and

    Alfie John‏ @alfiedotwtf 12h12 hours ago

    Another perspective: infosec is hard because it’s *not* a science, it’s an art. There’s no single exact science to achieve security. It’s heuristical, non-repeatable, and a lot of experimentation to build up the experience needed, and we’d still not have achieved perfect security

    Replying to @alfiedotwtf @bizzyunderscore and

    It literally is a science, as either the bits exist and are evidenced or they are not. It is much harder to deal with unknowns rather than designed, implemented systems. Try harder if you are trolling because otherwise you just look naïve

    personally I find pathfinder's responses almost as unhelpful as the original thread.  In my opinion he is going to the opposite extreme from Metzger and minimizing the thought and work that security requires.  



  • JDMurrayJDMurray Certification Invigilator Surf City, USAPosts: 11,438Admin Admin
    Any security is certainly made difficult by the personalities and politics of the humans involved in it. I assume where pathfinder is everyone does exactly what he says and he has an unlimited budget.
  • TechGromitTechGromit A+, N+, GSEC, GCIH, GREM, Ontario, NY Posts: 1,905Member ■■■■■■■■□□
    No one has an unlimited budget, were I work we spend over 100 million dollars on cyber security over the last ten years, and while were in "compliance" with our security requirements, there's still more room for improvement.  The nature of our business requires us to stay competitive in the marketplace, so now that we met our regulatory requirements, the purse strings have been pulled a bit tighter over the last few years. I guess it's an adjustment for me, before money was no object to get into compliance, now that were compliance, upper management is rejecting spending on improvements, I would like to get to make my job easier.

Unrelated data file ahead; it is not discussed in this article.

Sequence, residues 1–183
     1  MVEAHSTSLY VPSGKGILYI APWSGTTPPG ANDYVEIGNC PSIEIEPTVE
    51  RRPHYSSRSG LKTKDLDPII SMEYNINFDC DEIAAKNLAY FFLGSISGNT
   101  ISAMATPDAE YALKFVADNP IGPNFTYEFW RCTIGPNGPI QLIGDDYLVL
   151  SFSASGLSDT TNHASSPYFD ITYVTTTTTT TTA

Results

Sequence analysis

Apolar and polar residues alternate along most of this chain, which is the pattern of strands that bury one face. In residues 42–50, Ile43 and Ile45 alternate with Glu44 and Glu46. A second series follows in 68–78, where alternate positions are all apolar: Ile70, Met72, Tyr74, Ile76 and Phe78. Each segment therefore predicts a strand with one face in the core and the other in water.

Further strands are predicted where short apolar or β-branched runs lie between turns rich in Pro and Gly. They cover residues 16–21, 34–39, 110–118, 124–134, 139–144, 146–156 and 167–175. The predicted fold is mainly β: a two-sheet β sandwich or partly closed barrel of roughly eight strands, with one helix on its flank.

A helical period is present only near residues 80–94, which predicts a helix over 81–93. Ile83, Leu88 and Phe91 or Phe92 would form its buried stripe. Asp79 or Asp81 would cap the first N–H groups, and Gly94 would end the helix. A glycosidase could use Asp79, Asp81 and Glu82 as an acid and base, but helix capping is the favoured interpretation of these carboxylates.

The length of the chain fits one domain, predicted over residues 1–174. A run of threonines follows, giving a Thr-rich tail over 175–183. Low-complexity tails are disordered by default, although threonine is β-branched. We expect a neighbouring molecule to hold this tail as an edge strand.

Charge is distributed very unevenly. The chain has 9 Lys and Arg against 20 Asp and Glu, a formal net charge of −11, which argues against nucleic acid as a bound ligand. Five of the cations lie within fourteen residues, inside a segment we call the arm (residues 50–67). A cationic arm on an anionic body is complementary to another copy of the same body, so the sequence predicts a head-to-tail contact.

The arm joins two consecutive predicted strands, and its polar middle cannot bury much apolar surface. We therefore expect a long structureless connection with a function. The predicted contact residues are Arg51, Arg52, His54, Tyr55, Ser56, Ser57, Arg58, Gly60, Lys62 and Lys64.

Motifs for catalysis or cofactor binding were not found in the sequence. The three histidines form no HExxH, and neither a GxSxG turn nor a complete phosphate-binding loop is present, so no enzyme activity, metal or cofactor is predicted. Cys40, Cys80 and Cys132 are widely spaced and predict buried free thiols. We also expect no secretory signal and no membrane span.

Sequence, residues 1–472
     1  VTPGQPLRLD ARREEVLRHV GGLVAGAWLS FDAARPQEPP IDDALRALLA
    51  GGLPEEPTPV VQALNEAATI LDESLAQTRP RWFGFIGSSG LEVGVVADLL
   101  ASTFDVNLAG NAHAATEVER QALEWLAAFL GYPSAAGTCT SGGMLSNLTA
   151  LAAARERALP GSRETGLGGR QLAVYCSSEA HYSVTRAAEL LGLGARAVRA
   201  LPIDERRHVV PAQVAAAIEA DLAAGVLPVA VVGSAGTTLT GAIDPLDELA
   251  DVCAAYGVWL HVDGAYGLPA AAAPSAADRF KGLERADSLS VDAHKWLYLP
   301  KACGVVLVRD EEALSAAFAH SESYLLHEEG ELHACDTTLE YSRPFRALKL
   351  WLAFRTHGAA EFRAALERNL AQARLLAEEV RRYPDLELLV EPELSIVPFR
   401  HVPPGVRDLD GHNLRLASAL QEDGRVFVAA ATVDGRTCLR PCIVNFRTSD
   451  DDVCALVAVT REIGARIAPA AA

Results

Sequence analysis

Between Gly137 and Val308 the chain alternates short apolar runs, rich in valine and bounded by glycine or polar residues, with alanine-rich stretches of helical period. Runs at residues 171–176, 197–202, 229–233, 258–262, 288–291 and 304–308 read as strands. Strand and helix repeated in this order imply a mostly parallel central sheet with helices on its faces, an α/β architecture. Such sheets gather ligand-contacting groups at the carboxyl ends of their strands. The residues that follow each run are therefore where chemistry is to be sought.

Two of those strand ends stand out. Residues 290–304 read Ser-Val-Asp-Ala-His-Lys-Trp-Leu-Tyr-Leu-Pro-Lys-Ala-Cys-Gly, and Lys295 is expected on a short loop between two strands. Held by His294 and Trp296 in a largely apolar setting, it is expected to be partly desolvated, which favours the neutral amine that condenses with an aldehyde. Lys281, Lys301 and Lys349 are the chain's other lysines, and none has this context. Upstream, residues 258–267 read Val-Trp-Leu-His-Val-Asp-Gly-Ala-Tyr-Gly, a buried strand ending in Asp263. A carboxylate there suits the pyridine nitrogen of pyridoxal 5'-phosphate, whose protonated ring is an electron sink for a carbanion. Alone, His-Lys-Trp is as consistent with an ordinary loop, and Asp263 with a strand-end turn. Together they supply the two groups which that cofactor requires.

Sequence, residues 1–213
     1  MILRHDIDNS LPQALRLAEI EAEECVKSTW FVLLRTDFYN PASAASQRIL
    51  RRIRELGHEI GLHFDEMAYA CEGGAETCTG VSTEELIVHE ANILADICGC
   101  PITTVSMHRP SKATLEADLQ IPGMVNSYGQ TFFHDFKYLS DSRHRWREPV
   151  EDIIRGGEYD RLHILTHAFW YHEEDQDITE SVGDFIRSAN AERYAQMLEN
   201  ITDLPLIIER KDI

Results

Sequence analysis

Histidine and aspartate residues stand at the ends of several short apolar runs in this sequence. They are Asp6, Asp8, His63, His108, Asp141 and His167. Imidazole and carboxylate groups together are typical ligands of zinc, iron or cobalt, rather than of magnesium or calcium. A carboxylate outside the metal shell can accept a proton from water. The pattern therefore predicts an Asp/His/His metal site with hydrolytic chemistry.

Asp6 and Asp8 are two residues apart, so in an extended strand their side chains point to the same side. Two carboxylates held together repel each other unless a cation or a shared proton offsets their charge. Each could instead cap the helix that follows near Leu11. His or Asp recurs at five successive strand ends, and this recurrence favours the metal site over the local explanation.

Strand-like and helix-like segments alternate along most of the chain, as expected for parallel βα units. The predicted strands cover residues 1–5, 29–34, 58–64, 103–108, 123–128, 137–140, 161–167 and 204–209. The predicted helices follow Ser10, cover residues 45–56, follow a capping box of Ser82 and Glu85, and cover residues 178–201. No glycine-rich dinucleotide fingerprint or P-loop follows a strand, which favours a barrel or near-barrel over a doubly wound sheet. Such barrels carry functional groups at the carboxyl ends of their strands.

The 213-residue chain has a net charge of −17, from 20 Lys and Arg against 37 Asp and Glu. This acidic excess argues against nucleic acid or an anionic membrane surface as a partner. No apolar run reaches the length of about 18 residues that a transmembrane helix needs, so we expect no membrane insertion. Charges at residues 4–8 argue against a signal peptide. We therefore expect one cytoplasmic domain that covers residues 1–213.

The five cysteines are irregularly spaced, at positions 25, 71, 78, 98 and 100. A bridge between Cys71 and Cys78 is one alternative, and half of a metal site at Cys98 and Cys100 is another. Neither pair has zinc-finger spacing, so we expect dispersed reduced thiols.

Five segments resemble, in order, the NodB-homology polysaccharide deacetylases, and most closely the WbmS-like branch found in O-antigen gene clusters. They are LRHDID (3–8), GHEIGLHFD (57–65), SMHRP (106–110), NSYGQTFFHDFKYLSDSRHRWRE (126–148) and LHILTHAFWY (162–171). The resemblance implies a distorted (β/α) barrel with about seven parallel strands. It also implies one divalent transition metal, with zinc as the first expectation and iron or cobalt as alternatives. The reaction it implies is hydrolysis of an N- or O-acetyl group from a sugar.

Still searching for the corner in a round room.
  • JDMurrayJDMurray Certification Invigilator Surf City, USAPosts: 11,438Admin Admin
    As your threats change so must your defenses.
  • LonerVampLonerVamp OSCP, GCFA, GWAPT, CISSP, OSWP, CCNA Cyber Ops, Sec+, Linux+, AWS CCP, CCSK Posts: 375Member ■■■■■□□□□□
    I saw some of the discussion on that topic. The guy definitely used some poor wording in various spots. I felt like this guy has some personal issues he was projecting out to the industry or something.

    Security is both art and science, creative and objective. It's difficult, but it's also easy in that you have to do only just enough...but that "just enough" isn't definable. And so many orgs and people don't even do the basics correctly that we don't have to have a high bar for many security professionals.

    It's a nuanced enough topic that it is pretty dumb to bring it up anywhere except in person over some beers or drink of choice. Half the time, security folks argue points at each other, not realizing they're on the same side and just really wanting to listen to themselves and not feel out the level of acumen in their dance partner first.

    Security Engineer/Analyst/Geek, Red & Blue Teams
    OSCP, GCFA, GWAPT, CISSP, OSWP, CCNA Cyber Ops, Sec+, Linux+, AWS CCP, CCSK
    2019 goals: GWAPT, Linux+, (possible: SLAE, CCSK, AWS SA-A)